The Faith Life Has it’s Tight Times
One of my favorite Scriptures which I have used among us dozens of times, was when Paul warned the Corinthian church about the danger of thinking themselves to be well off because they were full and rich, "and reigned as kings without us"; but God’s standard for apostleship (and I reckon the called of God are the apostles) is "appointed to death
spectacles to the world
despised; hungry, thirsty, naked, buffeted, with no certain dwelling place: labouring with our own hands, reviled, persecuted, defamed, and as the filth of the world and offscouring of all things" (1 Cor. 4:9-13). That has always kept us from thinking that we approached within a hundred miles of apostolic and Scriptural standards of the missionary calling; and that if we have appeared a little more extreme than some, we are miles from the extremes of our forerunners. So personal financial shortage is a very little thing. Paul’s standard again suits us: "having food and raiment, let us therewith be content."
We are not saying that God calls others to go this way, and we are thankful, as Paul was, for those who have this world’s goods and the comforts of life, and who so freely use them for God. Paul did not tell the rich to give away their riches; but, while warning them of special dangers and snares in wealth, told them to "do good, be rich in good works, ready to distribute, willing to communicate." And where would all of us be who have this special calling of serving Christ, if there were not the Gaius’s whom John thanks for his well-known "charity to the brethren and to strangers"? So I thank God for those who have this world’s goods, and whose ministry in the Gospel is at least partly by the distribution of them.
We had our tight times specially in our earlier days, when we were just starting to live as a household by faith. We were then about ten in the house. We also had with us C.T.’s mother’s old personal maid, from the days when the Studd family lived in Hyde Park Gardens off Park Lane (these are the years described by Edith, C.T.’s daughter, in her new book). Now retired, the old lady had her home with us, though out of kindness she insisted on cooking for the household. Miss Musset by name, called "Muss" by all of us, she professed to laugh at our weird ideas of living on the promises of God, though she liked the young candidates, especially the boys, whom she called "the Hallelujah Boys." She lived in the basement where we had our dining-room and kitchen, but would not eat with us. The time came when there was not a thing in the house: no money, not even bread or milk or butter, or the inevitable Englishman’s tea. So we decided that at mealtimes, instead of going down to the dining-room, we would meet in the living-room, and have our meals by feeding on the Lord! But it never once happened, all through a week of having nothing.
Every day, three times a day, the bell rang just when we would be getting ready to meet upstairs, and down in the dining-room we would find bread, cheese, tea, milk and sugar. We never knew where they came from, and could only surmise from our cynical friend, Muss! On the eighth day there was a ring at the door-bell as we were eating; a man was outside and inquired if this was the Grubbs’ house. He had a load of a ton of potatoes from a farmer who had recently heard of us and sent these along. It was certainly Hallelujah boys who carried those sacks in! Other provision came soon also and things returned to normal. But we always said anyhow God had given us extra, because the prayer is for daily bread, but we had cheese on top.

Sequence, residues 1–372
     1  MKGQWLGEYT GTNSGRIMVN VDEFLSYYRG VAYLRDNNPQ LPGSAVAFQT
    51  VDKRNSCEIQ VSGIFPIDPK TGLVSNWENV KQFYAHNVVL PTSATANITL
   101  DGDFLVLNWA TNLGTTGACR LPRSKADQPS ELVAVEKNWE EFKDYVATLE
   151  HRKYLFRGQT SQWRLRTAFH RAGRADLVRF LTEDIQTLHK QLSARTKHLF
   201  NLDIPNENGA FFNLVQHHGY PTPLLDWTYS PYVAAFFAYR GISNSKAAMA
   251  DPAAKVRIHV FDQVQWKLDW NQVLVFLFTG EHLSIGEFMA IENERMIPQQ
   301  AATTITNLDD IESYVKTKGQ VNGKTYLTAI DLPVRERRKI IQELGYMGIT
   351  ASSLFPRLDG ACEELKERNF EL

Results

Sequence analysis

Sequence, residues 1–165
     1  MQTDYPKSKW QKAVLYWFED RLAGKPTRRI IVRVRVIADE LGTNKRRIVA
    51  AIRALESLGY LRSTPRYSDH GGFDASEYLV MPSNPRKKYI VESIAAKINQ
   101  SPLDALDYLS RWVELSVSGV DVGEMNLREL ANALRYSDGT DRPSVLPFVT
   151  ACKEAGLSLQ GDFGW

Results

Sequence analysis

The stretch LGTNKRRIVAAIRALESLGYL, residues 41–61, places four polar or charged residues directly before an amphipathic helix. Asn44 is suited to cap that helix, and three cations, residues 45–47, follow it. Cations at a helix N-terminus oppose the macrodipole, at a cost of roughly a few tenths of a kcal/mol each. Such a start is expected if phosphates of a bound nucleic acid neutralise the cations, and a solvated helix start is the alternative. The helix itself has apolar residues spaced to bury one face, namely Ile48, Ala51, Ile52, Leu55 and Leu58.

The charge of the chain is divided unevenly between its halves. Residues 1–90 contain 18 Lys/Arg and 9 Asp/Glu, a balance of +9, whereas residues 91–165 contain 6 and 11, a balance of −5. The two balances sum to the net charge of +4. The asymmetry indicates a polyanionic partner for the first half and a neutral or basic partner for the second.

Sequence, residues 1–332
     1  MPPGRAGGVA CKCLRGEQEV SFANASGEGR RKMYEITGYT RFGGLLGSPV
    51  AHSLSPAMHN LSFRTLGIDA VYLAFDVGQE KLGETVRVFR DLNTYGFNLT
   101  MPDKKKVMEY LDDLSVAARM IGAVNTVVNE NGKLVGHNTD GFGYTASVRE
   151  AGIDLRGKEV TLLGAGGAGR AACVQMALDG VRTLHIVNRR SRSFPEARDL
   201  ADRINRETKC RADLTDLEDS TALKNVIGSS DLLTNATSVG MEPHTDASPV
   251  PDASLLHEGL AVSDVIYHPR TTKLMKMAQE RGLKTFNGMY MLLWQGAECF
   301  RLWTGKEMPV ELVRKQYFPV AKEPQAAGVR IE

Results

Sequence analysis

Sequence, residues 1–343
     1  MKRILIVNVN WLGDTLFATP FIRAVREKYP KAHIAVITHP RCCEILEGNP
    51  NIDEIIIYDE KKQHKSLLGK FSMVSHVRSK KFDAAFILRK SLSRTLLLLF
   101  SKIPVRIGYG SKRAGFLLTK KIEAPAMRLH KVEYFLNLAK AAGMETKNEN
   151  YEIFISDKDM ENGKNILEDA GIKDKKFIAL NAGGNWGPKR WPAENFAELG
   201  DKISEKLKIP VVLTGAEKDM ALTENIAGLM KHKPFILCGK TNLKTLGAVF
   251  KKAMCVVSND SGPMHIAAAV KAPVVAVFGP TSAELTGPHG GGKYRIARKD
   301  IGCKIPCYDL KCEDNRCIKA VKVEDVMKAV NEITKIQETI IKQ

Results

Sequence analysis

That same farmer, Warren Andrew, became a dear personal friend; he and his brother Will (both now with the Lord) and their sisters, especially Eleanor, have been a family whose love and friendship and constant visits to their home have been outstanding in our lives. Warren sent us sacks of lentils through those early years. Often they were our main diet, and sometimes we used to laugh and compare ourselves to the Israelites when it said the quails were so abundant they came out of their nostrils!
Once I was leaving home for a few days of meetings. We were just our own family of five at that time, and maybe one or two others. Before I left I asked Pauline what food or money she had. She said no food and 4s. (50c.) in cash. So we prayed and I left her, like any good husband, humanly to starvation, while I went to plenty! I hadn’t left the house more than an hour or two, when a van drove up from a very highbrow West End store, Barkers. It contained a large hamper, not of luxury foods but of the basics: a joint of meat, packets of cheese, butter and so forth, and at the bottom a box of chocolates for "The Grublets." We had no idea where it came from.
After my return, we visited by invitation two friends in an apartment in Kensington, not far from Barkers. Our hosts were the two I have just mentioned, Will and Eleanor Andrew, brother and sister. At that time, we had only met them twice before. While we were there, Will took Pauline aside and asked her if she received a hamper of food on a certain day. Then he explained that as he was having his quiet time that morning, a voice had distinctly said to him, "Go to Barkers and order ample provision for a number of ordinary meals, and send it to the Grubbs."